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Lawsuit alleges failings in state foster care system

The suit by the New York City-based advocacy group, Children’s Rights, accuses Massachusetts of “causing physical and psychological harm to the abused and neglected children it is mandated to protect.” It says the abuse include sexual assault, constant foster home uprooting and inappropriate prescribing of psychotropic drugs.

Opening arguments in the trial, which is expected to take weeks, are scheduled for Tuesday at U.S. District Court in Boston.

The Boston Globe reports that Children’s Right’s first witness will be a woman who grew up in the Massachusetts system and suffered terrible abuse while being shuffled between foster homes.

“When taxpayers hear what they’ve been spending money on, they will be appalled,” said Marcia Robinson Lowry, executive director of Children’s Rights.

But the state plans to argue that Department of Children and Families officials are aware of the problems cited in the suit and have taken steps to improve the child welfare system.

“We’re hoping as we present our stories, the court will conclude that we’re very passionate about making improvements to the system and that we’ve had results,” Angelo McClain, commissioner of the Department of Children and Families, told the Globe.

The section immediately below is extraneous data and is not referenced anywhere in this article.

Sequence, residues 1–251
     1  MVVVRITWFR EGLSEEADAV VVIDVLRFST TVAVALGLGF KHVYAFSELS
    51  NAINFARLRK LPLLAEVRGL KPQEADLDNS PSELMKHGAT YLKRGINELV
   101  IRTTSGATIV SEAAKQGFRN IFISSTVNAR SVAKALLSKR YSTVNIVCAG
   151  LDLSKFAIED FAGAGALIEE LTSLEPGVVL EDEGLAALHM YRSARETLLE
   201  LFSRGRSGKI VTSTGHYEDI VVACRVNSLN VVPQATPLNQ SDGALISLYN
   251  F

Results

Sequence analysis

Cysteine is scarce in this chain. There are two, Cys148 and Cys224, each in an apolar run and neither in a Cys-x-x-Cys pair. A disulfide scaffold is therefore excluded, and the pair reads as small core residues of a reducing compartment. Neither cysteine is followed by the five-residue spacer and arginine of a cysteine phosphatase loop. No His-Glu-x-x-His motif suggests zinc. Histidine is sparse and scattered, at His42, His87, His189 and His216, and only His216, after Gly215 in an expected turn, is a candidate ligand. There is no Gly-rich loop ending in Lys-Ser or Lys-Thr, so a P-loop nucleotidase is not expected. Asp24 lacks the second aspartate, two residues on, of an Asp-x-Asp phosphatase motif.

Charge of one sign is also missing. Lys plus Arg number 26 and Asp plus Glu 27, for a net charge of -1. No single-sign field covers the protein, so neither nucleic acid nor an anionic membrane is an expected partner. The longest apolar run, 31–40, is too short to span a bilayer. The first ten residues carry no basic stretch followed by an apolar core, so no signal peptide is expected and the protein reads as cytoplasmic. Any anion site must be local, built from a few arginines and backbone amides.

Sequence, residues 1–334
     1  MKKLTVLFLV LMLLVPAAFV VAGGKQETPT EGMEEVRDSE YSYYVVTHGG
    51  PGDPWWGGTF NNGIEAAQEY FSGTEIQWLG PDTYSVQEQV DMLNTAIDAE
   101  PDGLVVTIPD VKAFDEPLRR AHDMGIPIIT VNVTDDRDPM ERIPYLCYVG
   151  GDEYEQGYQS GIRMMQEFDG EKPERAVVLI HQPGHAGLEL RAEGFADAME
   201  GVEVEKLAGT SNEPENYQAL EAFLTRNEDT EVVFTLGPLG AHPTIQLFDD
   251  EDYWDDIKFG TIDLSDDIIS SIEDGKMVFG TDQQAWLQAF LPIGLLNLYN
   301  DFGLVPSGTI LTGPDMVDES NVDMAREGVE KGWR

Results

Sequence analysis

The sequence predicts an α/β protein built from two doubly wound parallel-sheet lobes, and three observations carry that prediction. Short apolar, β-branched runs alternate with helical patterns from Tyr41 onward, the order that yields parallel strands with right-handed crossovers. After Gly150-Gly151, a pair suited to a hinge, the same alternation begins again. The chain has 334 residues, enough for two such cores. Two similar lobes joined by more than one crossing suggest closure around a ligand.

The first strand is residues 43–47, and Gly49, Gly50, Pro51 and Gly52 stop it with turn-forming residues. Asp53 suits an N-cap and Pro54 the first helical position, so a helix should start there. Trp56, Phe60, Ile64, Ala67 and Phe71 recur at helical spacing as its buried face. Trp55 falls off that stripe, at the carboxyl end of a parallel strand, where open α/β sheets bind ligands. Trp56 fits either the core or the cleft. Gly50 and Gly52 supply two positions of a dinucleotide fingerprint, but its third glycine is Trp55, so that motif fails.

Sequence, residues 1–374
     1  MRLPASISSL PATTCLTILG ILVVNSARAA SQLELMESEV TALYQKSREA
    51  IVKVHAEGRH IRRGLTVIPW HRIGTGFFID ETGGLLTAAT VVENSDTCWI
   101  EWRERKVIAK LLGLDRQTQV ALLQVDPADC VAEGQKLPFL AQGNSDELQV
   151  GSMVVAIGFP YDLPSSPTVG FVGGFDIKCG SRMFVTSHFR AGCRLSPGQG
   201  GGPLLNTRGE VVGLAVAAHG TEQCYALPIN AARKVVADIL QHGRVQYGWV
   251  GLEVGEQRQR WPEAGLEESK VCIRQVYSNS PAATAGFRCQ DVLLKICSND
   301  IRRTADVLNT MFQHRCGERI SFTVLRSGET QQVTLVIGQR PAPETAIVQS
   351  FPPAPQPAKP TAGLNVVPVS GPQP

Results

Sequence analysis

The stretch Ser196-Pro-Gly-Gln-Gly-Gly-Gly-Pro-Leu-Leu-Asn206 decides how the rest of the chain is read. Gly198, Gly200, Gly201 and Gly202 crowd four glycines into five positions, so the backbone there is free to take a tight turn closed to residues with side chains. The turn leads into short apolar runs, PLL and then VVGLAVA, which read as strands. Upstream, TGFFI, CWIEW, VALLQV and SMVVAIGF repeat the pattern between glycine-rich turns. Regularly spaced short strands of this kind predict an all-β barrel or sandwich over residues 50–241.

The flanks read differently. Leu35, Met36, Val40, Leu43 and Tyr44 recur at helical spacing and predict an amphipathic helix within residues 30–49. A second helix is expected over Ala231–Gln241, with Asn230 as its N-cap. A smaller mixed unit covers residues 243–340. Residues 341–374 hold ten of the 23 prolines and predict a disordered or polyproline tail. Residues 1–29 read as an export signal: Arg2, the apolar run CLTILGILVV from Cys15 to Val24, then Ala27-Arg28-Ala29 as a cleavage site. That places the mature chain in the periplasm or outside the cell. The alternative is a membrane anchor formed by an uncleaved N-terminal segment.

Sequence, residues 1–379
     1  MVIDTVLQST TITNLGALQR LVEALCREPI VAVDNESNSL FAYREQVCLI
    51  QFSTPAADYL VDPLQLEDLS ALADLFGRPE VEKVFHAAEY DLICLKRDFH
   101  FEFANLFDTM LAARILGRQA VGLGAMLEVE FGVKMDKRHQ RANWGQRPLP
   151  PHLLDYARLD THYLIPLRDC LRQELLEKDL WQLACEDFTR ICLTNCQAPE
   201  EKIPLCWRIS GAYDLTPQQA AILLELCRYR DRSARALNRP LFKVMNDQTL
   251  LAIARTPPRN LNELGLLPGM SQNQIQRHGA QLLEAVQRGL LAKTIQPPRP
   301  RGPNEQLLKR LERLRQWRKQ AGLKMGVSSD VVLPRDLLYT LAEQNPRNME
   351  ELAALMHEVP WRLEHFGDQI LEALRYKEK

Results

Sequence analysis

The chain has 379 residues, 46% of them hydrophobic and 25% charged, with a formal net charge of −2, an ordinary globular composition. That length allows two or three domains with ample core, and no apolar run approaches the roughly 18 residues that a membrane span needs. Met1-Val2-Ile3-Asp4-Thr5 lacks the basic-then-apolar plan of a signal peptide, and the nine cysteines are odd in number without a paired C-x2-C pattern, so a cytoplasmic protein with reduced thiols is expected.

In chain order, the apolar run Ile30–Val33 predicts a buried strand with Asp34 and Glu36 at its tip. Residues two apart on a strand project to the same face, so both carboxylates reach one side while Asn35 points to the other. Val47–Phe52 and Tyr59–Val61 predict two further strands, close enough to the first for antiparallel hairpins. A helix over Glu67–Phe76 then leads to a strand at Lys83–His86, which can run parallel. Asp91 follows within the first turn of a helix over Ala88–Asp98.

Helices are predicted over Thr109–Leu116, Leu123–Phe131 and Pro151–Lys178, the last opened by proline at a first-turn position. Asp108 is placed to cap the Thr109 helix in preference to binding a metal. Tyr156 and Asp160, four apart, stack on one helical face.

The lawsuit is among more than a dozen filed in recent years by Children’s Rights against child welfare departments nationwide. Massachusetts is the first state to fight the accusations in court, rather than settle.

The lawsuit alleges Massachusetts violated children’s constitutional rights by placing them in dangerous and unstable situations. The suit seeks broad reforms on behalf of approximately 7,500 children in state care.

Reports cited or released by Children’s Rights said federal audits of 47 child welfare jurisdictions ranked Massachusetts 8th worst in mistreatment rates and 13th worst in timeliness of adoptions. They also indicate children in Massachusetts foster care are prescribed psychiatric medications at a rate far above children who aren’t in state care (40 percent to 10 percent).

Lowry acknowledged the state has made some improvements, but she said the changes haven’t been broad or comprehensive enough.

“The state’s had initiatives. It’s just they haven’t succeeded,” she said. “In some degree, it’s too little too late.”

But McClain said that in 2008, the state implemented an effective new model for managing cases that ensure children don’t fall through the cracks. He said fewer than 1 percent of children are now being abused or neglected in foster care. And he said the number of stable foster care placements has improved to nearly 80 percent.

McClain said he was concerned that the resources being used to defend the case could be better used to help Massachusetts children.

“I don’t question (Children’s Rights’) motives, and I think they believe that we could be doing a better job,” he said. “But I don’t know how much they’ve taken into account the improvements we’ve made since 2008.”

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